Sure, it’s pretty much a true story. And yes, it’s arguably gratifying to see a picked-on young female athlete overcome sexism and her own doubts to realize her dreams. But trying to make believe that Gracie is something more than just another cornball coming-of-age sports story is difficult to do — because it’s so completely in the shadow of Bend It Like Beckham. That 2002 femme-footie light drama, about an Indo-English high-school girl whose love of soccer football lifts her above her immigrant status and opens up her life, was so charming that any similar pic is handicapped from the start. Even one about fifteen-year-old Gracie Bowen, a wannabe prep soccer star from South Orange, New Jersey, who finds herself by reaching for the stars.
The quest of the fictional Gracie (teen actor Carly Schroeder) to play on the boys’ high-school soccer team after her soccer-phenom brother Johnny (Jesse Lee Soffer) is killed in an auto crash is essentially the real-life story of actor Elisabeth Shue, who plays Gracie’s mother and who happens to be one of the film’s producers. Shue (Leaving Las Vegas, Dreamer, Adventures in Babysitting) came from a soccer-crazy New Jersey family, too, and was the only girl playing on all-boys’ teams in South Orange. One brother, Andrew, went on to play for the Los Angeles Galaxy. In the movie he plays a helpful coach. Another brother, William, died young. Gracie is dedicated to him, and all the action is set in the Shues’ New Jersey hometown in the 1970s.
Dad (played by Dermot Mulroney in a perpetual dyspeptic haze) is a furniture mover. Mom (Elisabeth Shue, casting worried glances) is a school nurse. After heroic Johnny dies, there are two younger brothers who snort derisively at Gracie’s jockish efforts. They all live a working-class family life in a rundown house with a homemade soccer goal set up in the back, where Dad trains the kids on penalty kicks and ball control, night and day. The stage is set for Gracie’s blossoming when she kicks a barefoot goal to win a bet and Johnny tells her, “You can do anything.” And so she does, dumping her kid-stuff boyfriend to train, lobbying for a place on the boys’ soccer team, winning over her doubting Dad, etc. She even goes so far as to free that caged bird that crops up in every scene. All we can think about while she’s doing this, however, are the lively expressions and sparkling personality of Parminder Nagra as Jess in Bend It. Schroeder can’t nutmeg her way past that comparison no matter what she does. With her flaxen hair and worried, narrow-set eyes, peasant-faced Gracie trains like Rocky and moves a lot like him as well. And if you think Bruce Springsteen would miss a chance to write a song for this ’70s-era Jersey girl, baby, you were born to run.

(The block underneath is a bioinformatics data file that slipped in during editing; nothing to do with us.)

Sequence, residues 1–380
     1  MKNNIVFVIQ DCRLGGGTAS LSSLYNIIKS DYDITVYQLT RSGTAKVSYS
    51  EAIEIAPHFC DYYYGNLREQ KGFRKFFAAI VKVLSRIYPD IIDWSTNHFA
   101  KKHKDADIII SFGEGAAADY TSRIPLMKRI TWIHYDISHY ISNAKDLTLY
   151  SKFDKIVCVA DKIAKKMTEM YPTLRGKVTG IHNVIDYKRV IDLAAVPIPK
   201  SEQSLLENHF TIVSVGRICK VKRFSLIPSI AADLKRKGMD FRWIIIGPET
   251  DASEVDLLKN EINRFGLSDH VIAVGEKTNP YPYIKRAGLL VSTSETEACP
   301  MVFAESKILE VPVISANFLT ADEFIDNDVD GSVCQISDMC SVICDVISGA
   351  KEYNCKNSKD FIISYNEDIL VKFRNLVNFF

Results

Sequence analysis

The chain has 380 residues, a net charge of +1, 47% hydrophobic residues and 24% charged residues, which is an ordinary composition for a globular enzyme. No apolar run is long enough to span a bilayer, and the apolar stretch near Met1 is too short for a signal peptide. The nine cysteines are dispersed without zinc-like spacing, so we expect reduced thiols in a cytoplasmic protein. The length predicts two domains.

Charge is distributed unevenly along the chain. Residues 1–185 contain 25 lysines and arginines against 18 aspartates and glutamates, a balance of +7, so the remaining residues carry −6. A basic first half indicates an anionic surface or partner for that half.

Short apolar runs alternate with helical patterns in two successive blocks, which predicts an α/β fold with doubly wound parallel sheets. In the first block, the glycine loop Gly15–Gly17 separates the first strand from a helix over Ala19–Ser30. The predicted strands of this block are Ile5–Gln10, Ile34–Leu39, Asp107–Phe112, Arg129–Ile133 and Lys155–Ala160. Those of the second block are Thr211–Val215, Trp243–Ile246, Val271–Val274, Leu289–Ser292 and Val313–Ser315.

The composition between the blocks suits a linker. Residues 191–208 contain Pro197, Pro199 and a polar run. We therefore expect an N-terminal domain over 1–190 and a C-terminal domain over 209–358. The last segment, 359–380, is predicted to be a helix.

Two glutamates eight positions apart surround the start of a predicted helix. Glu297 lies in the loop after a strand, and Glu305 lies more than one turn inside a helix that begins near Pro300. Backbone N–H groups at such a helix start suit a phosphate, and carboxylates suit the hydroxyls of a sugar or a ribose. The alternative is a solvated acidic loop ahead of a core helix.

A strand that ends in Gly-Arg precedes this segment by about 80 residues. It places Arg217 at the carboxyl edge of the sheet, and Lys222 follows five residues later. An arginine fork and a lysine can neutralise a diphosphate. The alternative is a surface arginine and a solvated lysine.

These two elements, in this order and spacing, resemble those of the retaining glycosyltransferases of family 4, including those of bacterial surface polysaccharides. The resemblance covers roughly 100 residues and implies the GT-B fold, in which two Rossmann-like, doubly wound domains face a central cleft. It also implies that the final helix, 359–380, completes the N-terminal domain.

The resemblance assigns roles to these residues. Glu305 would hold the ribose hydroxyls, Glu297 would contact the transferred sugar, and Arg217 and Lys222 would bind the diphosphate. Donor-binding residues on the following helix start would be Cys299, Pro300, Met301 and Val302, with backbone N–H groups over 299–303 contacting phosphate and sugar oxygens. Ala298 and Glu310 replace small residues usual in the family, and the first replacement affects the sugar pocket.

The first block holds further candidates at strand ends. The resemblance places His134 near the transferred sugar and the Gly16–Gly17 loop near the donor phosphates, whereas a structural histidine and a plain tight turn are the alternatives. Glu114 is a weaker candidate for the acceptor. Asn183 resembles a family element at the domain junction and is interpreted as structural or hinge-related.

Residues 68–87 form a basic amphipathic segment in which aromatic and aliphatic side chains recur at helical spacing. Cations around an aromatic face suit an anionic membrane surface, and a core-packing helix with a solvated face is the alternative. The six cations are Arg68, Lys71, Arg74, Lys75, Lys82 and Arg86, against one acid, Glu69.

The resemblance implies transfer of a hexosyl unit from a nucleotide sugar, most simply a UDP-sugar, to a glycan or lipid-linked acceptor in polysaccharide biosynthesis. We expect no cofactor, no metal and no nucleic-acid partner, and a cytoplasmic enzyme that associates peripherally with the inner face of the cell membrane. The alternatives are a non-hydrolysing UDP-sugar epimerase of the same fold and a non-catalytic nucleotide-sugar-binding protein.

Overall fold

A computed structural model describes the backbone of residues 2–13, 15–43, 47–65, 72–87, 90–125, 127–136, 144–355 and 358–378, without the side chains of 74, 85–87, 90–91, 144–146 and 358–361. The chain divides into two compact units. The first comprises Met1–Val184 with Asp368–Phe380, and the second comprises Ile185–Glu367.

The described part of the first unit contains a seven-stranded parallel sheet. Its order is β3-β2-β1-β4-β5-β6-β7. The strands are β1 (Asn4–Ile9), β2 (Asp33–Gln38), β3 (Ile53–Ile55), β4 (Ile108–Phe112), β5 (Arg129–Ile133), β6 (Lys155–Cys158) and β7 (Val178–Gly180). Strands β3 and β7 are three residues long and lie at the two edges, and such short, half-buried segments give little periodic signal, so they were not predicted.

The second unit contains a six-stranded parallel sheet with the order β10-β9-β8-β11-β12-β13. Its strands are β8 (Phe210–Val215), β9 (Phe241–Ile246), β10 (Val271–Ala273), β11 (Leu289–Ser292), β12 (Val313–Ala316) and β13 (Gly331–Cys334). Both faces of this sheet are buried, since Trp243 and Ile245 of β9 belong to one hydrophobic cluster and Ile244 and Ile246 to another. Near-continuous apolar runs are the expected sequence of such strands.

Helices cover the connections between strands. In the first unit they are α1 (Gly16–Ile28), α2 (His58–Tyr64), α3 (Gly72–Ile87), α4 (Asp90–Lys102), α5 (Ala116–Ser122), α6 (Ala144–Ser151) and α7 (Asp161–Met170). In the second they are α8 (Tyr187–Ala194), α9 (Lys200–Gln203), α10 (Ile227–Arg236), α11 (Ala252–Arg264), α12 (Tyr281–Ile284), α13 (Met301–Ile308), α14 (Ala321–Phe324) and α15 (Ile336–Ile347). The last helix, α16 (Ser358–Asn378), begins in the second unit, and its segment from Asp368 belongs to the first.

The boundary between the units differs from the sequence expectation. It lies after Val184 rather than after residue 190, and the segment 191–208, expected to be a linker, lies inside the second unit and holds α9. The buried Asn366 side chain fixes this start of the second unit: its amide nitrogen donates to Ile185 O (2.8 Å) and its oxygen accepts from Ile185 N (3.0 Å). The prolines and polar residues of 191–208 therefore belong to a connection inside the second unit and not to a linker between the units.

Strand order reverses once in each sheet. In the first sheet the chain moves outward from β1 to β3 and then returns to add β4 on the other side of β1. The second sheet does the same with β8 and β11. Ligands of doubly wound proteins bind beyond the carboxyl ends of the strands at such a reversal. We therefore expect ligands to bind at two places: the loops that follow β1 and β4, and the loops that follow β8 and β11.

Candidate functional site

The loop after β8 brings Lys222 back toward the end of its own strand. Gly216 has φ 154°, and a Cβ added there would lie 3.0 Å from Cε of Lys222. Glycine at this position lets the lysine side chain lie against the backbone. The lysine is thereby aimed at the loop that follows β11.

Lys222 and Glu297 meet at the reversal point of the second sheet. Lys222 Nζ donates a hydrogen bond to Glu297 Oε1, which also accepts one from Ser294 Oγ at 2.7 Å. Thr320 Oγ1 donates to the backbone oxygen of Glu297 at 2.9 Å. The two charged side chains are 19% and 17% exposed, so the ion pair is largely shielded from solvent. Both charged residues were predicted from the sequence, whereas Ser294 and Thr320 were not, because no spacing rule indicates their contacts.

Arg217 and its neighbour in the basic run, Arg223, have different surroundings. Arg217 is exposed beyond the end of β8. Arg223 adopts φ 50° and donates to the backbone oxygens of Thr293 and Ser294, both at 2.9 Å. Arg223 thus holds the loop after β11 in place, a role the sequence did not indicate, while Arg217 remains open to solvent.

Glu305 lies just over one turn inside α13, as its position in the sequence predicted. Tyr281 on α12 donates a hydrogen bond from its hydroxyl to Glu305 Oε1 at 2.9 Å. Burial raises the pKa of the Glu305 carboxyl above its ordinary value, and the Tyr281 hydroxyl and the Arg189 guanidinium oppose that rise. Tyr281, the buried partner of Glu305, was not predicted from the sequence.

One of the worst failings of Gracie is that for all its period tunes and hairstyles, it bears little relation to the actual place called the 1970s, or any other time and place on planet Earth. In fact, the movie seems to exist in some alternate universe where soccer is king — but that little universe never connects with the outside world. For instance, Gracie is set around the same time period as the quixotic New York Cosmos soccer team (as glimpsed in the entertaining 2006 doc Once in a Lifetime), yet we don’t get that feeling for the game or the times that we did in Bend It. No Giorgio Chinaglia or Pelé, no Billie Jean King vs. Bobby Riggs feminist sense of triumph, nuttin’. Director Davis Guggenheim, best known for helming An Inconvenient Truth, should have hipped the Shues that their pet project needed something more than poor Gracie’s dull diligence. In Europe, Gracie would probably miss that climactic goal, or it would be revealed that her lost brother was her secret lover — something to give her character a little all-too-human dimension. Euros think happy endings are for babies, but Americans always require something to feel good about. When you wake up after napping through this earnest timewaster, you’ll feel relieved, but you won’t know why. Here’s a clue: Gracie can’t bend it.